Bale’s early films may not have been big hits, but they did cover a lot of bases, proving he could carry himself in everything from action epics and costume dramas to dark, low-budget thrillers — which is precisely what convinced Christopher Nolan that Bale was the right man to capture all the many facets of Bruce Wayne when he agreed to direct the long-in-the-making Batman reboot. Bale’s dedication to the role was immediately put to the test; after losing a dangerous amount of weight for The Machinist, he had to quickly reverse course — and he did, hitting the gym to pack on over 100 pounds in just a few months. The end result was the first of the big-screen Batmen to not only act the part convincingly, but look it, too — a good thing, since Nolan’s vision for the character’s origin story had plenty of dramatic depth to go with its fisticuffs. Though not all critics responded to Batman Begins‘ more realistic, less tongue-in-cheek approach (Rex Reed notably said it was “for morons”), most reviews were in line with the movie’s remarkable $370 million worldwide gross; as Desson Thomson of the Washington Post put it, “here’s how any great franchise should start: with care, precision and delicately wrought atmosphere.”

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6. 3:10 to Yuma (2007) 89%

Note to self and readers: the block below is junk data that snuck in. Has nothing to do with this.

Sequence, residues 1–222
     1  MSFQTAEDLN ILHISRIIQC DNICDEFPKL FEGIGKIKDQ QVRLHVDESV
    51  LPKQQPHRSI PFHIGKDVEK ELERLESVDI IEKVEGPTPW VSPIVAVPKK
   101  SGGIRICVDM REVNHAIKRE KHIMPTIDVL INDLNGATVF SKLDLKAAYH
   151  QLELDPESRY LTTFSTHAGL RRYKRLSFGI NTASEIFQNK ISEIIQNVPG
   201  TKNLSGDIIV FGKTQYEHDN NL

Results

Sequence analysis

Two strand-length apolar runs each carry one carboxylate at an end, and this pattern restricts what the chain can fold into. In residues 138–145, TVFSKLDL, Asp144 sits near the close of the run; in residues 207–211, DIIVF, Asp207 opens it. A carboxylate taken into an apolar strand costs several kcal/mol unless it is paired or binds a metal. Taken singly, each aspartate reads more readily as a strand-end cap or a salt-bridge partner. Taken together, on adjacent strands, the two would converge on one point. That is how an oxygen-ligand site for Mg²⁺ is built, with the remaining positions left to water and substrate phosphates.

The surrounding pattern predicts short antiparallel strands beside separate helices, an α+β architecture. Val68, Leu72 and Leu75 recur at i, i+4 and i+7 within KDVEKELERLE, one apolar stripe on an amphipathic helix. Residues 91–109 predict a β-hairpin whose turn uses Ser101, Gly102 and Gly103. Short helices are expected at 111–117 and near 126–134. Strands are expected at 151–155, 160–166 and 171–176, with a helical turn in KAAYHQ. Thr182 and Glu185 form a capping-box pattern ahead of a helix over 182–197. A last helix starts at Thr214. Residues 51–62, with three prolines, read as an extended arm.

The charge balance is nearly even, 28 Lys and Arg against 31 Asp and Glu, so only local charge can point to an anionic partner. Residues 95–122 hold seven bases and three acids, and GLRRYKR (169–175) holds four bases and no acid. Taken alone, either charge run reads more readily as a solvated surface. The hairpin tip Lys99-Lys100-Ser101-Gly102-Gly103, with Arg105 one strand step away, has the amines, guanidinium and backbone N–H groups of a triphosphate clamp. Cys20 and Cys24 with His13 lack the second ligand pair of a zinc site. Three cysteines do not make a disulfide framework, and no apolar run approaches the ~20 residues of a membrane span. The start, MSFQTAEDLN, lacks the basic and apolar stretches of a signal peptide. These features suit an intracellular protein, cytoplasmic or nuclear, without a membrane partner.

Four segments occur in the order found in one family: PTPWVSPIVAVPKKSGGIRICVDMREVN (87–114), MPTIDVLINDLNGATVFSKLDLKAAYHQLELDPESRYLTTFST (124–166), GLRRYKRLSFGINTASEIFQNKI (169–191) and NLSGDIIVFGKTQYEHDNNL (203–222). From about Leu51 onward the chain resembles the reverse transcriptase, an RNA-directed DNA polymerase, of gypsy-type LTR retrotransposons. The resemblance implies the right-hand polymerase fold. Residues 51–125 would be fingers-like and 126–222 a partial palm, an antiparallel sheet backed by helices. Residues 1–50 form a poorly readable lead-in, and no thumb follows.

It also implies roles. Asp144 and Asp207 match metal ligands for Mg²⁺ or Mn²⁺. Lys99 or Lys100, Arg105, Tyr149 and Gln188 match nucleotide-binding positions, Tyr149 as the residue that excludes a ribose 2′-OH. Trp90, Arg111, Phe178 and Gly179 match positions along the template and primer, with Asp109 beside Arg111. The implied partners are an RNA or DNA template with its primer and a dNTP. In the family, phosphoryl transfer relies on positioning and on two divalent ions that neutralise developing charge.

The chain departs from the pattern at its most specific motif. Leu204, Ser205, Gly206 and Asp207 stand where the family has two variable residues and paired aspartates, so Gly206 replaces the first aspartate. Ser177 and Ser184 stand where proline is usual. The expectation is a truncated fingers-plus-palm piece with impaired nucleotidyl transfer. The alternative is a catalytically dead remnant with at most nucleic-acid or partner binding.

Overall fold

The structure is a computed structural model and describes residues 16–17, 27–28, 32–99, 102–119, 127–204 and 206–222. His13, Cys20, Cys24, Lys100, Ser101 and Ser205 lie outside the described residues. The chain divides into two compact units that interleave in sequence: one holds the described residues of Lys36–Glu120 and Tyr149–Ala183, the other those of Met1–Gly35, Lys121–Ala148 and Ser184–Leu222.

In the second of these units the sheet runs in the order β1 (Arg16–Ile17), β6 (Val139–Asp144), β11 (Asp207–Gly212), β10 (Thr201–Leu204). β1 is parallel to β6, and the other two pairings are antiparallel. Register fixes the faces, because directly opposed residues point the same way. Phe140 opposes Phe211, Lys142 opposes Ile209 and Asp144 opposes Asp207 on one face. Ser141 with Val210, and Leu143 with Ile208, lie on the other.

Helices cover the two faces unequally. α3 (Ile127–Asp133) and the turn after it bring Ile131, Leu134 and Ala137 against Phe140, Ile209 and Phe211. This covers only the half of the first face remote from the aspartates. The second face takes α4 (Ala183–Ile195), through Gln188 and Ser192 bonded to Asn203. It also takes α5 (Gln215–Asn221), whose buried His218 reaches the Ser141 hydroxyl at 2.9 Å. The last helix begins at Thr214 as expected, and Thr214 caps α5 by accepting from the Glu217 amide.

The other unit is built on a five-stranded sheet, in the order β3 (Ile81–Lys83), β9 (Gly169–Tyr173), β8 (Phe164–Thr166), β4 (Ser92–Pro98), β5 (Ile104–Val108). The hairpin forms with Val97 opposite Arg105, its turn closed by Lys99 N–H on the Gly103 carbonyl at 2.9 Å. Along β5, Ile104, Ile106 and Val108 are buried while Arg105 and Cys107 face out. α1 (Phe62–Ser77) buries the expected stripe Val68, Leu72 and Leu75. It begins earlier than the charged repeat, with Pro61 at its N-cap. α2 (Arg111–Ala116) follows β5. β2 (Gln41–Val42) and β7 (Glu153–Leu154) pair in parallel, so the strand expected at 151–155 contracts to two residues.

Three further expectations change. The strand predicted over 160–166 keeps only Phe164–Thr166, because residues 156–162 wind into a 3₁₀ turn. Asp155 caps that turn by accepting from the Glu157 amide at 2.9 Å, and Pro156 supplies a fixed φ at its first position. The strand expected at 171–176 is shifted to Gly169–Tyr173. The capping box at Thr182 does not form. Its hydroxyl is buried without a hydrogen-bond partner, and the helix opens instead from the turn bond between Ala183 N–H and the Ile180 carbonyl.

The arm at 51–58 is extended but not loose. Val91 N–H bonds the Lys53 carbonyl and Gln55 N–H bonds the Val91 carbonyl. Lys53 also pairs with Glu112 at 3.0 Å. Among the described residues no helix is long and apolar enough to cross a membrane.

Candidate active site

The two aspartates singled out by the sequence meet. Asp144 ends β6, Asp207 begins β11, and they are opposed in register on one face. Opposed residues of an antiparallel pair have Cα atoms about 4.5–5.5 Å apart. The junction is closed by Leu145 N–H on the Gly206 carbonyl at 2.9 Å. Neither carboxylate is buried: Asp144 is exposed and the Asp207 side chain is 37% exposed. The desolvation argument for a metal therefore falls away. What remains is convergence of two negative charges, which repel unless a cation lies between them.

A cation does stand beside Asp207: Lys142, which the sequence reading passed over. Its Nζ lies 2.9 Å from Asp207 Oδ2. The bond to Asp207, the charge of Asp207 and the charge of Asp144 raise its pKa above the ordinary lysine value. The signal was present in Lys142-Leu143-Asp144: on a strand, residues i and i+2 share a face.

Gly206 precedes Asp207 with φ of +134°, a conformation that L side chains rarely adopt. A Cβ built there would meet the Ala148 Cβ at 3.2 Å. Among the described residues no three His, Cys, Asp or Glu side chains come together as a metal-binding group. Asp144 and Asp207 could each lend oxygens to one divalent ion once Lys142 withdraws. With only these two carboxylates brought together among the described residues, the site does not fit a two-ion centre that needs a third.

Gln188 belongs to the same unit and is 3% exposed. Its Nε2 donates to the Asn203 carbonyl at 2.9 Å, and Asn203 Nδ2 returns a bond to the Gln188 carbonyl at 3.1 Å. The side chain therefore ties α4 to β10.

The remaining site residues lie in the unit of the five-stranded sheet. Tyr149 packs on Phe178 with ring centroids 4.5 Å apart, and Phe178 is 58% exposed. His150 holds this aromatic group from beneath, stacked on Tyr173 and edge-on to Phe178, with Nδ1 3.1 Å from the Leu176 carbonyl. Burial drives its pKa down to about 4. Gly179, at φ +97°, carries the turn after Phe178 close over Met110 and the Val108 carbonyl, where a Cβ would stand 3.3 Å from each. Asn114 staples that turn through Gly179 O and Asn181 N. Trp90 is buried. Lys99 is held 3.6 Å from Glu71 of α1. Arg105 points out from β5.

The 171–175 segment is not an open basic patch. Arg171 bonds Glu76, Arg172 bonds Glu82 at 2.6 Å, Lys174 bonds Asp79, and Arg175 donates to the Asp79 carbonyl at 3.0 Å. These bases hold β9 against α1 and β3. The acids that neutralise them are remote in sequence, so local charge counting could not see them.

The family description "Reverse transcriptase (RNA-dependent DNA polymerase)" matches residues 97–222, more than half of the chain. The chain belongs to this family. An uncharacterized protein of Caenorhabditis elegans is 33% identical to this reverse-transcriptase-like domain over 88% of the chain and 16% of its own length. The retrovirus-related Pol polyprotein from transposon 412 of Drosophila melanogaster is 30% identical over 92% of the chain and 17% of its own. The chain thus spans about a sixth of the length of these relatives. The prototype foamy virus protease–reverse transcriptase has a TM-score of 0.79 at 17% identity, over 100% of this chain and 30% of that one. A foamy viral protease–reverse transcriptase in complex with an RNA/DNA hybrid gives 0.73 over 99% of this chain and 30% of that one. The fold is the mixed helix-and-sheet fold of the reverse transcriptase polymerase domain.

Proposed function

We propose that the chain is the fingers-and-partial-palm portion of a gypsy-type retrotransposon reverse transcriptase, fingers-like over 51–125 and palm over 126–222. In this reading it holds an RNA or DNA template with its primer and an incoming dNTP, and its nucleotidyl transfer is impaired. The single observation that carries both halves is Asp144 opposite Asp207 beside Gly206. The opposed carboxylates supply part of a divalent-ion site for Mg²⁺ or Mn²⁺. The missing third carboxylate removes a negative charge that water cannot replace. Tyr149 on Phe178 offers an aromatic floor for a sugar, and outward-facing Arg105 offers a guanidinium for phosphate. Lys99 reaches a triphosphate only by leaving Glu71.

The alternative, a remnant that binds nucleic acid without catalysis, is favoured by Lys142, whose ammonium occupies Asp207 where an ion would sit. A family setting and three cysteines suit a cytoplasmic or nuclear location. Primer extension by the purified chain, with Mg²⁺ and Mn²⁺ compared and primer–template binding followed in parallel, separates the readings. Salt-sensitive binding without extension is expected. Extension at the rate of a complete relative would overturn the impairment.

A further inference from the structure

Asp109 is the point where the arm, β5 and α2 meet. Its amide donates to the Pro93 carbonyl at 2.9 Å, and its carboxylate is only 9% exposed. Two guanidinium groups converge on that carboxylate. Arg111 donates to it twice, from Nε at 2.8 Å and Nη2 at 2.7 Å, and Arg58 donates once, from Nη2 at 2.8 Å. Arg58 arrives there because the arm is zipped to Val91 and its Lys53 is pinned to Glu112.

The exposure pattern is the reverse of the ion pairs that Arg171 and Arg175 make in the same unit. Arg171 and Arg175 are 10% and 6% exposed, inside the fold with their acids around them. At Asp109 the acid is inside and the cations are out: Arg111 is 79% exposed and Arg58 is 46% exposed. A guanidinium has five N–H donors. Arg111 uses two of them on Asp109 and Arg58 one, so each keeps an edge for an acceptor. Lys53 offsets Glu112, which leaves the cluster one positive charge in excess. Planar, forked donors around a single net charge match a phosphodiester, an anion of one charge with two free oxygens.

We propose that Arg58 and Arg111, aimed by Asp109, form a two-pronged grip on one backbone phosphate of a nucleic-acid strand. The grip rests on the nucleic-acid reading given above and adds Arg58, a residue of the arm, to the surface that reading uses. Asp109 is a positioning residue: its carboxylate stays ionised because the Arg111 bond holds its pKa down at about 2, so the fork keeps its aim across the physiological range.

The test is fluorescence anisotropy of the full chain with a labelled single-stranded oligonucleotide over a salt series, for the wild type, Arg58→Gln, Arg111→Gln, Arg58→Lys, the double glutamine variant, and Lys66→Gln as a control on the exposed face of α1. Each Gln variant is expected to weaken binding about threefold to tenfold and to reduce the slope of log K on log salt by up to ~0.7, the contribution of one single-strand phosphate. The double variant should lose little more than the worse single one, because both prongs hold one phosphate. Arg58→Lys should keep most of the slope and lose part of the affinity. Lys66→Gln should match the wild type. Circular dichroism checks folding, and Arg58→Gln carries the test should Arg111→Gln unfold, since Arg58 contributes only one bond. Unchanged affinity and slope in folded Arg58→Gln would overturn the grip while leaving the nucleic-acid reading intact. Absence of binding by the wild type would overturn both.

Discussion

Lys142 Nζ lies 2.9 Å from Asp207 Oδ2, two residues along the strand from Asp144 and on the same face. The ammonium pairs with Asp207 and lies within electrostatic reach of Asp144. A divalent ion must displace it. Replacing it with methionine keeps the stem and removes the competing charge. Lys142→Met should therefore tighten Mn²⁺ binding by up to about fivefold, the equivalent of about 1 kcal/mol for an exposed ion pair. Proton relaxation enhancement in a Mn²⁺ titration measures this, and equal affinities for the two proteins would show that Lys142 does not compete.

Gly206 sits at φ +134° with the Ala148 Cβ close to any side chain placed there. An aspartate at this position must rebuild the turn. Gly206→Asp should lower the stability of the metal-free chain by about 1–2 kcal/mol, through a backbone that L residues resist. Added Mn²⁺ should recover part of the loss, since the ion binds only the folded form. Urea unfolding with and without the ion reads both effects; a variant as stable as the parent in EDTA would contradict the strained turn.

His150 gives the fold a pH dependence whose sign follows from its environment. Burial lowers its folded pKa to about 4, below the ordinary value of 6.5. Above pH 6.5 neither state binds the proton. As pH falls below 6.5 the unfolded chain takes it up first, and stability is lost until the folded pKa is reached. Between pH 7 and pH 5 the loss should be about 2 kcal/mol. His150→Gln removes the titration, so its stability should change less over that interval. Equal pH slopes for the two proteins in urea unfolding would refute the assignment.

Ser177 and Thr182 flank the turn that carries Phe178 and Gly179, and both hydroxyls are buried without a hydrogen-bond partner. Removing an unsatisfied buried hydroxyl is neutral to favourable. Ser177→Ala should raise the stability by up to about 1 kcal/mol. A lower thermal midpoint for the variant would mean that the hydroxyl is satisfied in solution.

Elmore Leonard’s 1953 short story took its second trip to the big screen with this James Mangold Western, which managed to revisit Delmer Daves’ 1957 original — and substitute Bale and Russell Crowe for Van Heflin and Glenn Ford — without provoking many unfavorable comparisons. It didn’t hurt, of course, that the source material provides a classic example of the good vs. evil showdown that fans of the genre have always loved; all any Yuma update needed was a pair of solid actors to hold it down, and Mangold chose his wisely. Audiences rewarded the new 3:10 to Yuma with a healthy $70 million worldwide gross — and critics responded too, lauding Mangold’s direction and Bale and Crowe’s performances in equal measure. Writing for the Houston Chronicle, Bruce Westbrook called it “cathartic and intelligent” and “the best Western since Unforgiven,” going on to add, “while a wildly eventful action-adventure and outlaw shoot-’em-up, it’s also a vibrant story of heroism, villainy and hard-earned redemption.”

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5. Little Women (1994) 90%